Photo representing The Threat
"It is increasingly clear that the danger of nuclear terrorism is one of the greatest threats to global security—to our collective security."
—President Barack Obama

The Threat

At the 2010 Nuclear Security Summit in Washington, President Barack Obama proclaimed that, while the threat of nuclear confrontations between nations has decreased significantly since the end of the Cold War, it is, nevertheless, "increasingly clear that the danger of nuclear terrorism is one of the greatest threats to global security-to our collective security."

Detecting and preventing acts of nuclear terrorism is one of the greatest challenges facing the international community.  The challenge is exacerbated by the nature of the terrorist threat and the increase in incidents of nuclear material theft and trafficking, particularly since the breakup of the former Soviet Union, indicating both a lapse in security at some nuclear facilities and an increased willingness by certain groups and individuals to use nuclear materials in terrorist attacks.  

 
Photo representing The Detection Challenge
“There’s the fundamental detection tradeoff: Either you set the radiation threshold on the detector high, which means you may miss some low-brightness materials, or you set it low and get a lot of false alarms.”
—Dr. Gary Gaukler

The Detection Challenge

There is concern that terrorist groups will attempt to smuggle small amounts of Highly Enriched Uranium (HEU) into the US a kilogram or two at a time and then assemble those small amounts into a nuclear weapon.  Detecting such small quantities of HEU is a much greater challenge than that of detecting a fully assembled nuclear weapon.  HEU is a dense material, so even a kilogram of material, which would be roughly the volume of a large chicken egg, could be easily concealed in a large 20 foot shipping container filled with goods.  HEU is also a low brightness material, which means that does not emit high levels of radiation.  As such, radiation detectors may miss the material if it is even lightly shielded in the container. 

Determining how to set the radiation threshold to catch smuggled nuclear detection is not a trivial matter.  Background radiation can result in nuisance alarms, or false alarms.  According to Systems and Risk Analysis Team Leader Dr. Gary Gaukler, "There's the fundamental detection tradeoff: Either you set the radiation threshold on the detector high, which means you may miss some low-brightness materials, or you set it low and get a lot of false alarms." When considering the scale of the task--scanning the approximately 12 million shipping containers entering the US each year--increasing the number of false alarms can both create significant delays and reduce the sense of urgency among port security personnel.  An ideal detection system would detect even small quantities of HEU without increasing the incidence of false alarms.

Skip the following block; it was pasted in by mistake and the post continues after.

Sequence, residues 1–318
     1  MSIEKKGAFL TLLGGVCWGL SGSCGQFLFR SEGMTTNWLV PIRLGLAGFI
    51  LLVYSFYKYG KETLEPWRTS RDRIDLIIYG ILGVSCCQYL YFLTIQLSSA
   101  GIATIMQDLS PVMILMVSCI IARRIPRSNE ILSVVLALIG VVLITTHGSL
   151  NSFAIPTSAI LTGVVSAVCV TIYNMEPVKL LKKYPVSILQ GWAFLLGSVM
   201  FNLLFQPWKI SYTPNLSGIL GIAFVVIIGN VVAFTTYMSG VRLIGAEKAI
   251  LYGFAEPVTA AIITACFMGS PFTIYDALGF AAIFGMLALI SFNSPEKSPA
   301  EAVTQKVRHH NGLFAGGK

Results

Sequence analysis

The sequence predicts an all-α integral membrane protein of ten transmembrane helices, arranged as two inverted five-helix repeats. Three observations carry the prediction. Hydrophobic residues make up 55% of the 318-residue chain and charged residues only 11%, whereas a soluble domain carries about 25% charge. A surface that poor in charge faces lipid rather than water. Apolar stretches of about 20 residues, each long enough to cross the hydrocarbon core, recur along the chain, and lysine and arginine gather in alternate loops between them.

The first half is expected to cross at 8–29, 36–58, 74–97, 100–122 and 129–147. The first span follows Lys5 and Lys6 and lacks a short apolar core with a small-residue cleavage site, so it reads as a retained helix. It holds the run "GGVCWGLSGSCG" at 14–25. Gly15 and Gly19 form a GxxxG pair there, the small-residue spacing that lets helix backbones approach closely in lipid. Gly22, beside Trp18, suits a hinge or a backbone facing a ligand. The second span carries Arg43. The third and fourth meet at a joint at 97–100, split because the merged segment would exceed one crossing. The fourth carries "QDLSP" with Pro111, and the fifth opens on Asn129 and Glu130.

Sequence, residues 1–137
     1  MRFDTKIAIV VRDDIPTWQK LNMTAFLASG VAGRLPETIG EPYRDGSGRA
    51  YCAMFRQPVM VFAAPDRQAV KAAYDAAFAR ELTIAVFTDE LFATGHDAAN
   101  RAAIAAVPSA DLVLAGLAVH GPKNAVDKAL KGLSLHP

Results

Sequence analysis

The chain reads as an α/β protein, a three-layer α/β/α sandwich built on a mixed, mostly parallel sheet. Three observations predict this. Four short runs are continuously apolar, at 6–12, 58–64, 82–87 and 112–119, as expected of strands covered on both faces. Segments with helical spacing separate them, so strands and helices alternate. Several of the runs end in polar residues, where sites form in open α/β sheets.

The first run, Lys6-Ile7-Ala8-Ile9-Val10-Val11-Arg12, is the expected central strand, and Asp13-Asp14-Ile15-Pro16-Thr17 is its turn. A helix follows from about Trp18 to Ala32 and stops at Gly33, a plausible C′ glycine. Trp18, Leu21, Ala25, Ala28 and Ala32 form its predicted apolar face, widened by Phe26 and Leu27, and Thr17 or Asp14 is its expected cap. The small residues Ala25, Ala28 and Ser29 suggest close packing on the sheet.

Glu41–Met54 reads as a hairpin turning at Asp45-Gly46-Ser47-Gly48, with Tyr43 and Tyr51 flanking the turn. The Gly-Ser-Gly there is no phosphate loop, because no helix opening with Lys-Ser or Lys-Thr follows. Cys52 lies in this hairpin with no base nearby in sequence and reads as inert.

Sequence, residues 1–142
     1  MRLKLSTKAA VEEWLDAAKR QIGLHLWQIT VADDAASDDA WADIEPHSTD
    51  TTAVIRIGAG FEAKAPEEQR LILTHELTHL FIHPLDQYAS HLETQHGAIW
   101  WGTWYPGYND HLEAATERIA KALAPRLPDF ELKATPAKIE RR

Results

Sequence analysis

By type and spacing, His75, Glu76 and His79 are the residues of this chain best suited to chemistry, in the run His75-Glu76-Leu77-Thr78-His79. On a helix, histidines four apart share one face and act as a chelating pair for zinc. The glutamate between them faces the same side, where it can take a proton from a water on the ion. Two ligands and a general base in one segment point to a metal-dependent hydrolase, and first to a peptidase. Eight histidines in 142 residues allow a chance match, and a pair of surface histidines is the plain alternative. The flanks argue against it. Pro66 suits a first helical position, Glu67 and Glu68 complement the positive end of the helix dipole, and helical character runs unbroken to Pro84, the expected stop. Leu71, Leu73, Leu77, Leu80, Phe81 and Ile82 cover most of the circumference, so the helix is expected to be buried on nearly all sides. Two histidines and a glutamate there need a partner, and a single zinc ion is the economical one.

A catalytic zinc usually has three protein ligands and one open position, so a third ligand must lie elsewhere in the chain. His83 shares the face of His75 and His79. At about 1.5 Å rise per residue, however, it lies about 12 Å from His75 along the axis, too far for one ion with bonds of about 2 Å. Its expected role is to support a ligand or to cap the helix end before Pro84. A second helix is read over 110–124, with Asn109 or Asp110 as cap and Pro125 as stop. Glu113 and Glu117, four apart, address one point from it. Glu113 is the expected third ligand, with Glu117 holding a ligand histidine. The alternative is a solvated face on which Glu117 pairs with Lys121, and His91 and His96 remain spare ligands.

For these reasons, current detector systems alone are not sufficient to guarantee that no smuggled nuclear materials enter the US.  Current inspection practices use intelligence information to assess the risk of containers entering through the ports.  Those containers deemed "high risk" are selected for a secondary inspection.  The SHIELD team is investigating ways in which radiography imaging, coupled with software simulations, can provide a more objective measure for which containers deserve a manual inspection based on the contents of the container.

 
Photo representing Public Opinion about Nuclear Terrorism
"People are willing to accept higher costs and delays, as well as some personal intrusion, if they believe it will result in increased security.”
—SHIELD Social Science Team

Public Opinion about Nuclear Terrorism

Even the most robust and effective detection system cannot be considered successful if it is too expensive or impractical to implement or if it lacks support from the public and the government.  How concerned are US citizens about the possibility of a nuclear terrorist attack?  What costs or inconveniences are they willing to suffer for the sake of increased security? How much attention is the matter being given by members of congress?  What are the international issues and constraints to the deployment of a global detection system?

 Our Social Science Team has been working to answer these questions, and they have found that "people are willing to accept higher costs and delays, as well as some personal intrusion, if they believe it will result in increased security."  They have also found that the Department of Homeland Security and the DNDO are generally perceived as trustworthy and competent, though they have found that opinions  can differ according to demographics, political ideology, and other factors.  See more of their findings by selecting one of the topics below.